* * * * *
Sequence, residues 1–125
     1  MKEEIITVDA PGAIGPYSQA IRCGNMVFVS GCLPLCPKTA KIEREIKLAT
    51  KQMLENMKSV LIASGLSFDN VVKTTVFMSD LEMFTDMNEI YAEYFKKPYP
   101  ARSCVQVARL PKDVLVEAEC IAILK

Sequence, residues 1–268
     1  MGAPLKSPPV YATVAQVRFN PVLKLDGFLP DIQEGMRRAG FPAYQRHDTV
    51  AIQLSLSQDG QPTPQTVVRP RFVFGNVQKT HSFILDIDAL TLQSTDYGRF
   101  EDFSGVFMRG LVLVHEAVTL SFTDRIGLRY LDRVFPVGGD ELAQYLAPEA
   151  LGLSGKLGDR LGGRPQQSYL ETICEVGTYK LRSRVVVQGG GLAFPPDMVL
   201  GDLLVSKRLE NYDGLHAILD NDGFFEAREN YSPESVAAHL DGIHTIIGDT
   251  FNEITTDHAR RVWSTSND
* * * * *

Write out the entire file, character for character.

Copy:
Sequence, residues 1–125
     1  MKEEIITVDA PGAIGPYSQA IRCGNMVFVS GCLPLCPKTA KIEREIKLAT
    51  KQMLENMKSV LIASGLSFDN VVKTTVFMSD LEMFTDMNEI YAEYFKKPYP
   101  ARSCVQVARL PKDVLVEAEC IAILK

Sequence, residues 1–268
     1  MGAPLKSPPV YATVAQVRFN PVLKLDGFLP DIQEGMRRAG FPAYQRHDTV
    51  AIQLSLSQDG QPTPQTVVRP RFVFGNVQKT HSFILDIDAL TLQSTDYGRF
   101  EDFSGVFMRG LVLVHEAVTL SFTDRIGLRY LDRVFPVGGD ELAQYLAPEA
   151  LGLSGKLGDR LGGRPQQSYL ETICEVGTYK LRSRVVVQGG GLAFPPDMVL
   201  GDLLVSKRLE NYDGLHAILD NDGFFEAREN YSPESVAAHL DGIHTIIGDT
   251  FNEITTDHAR RVWSTSND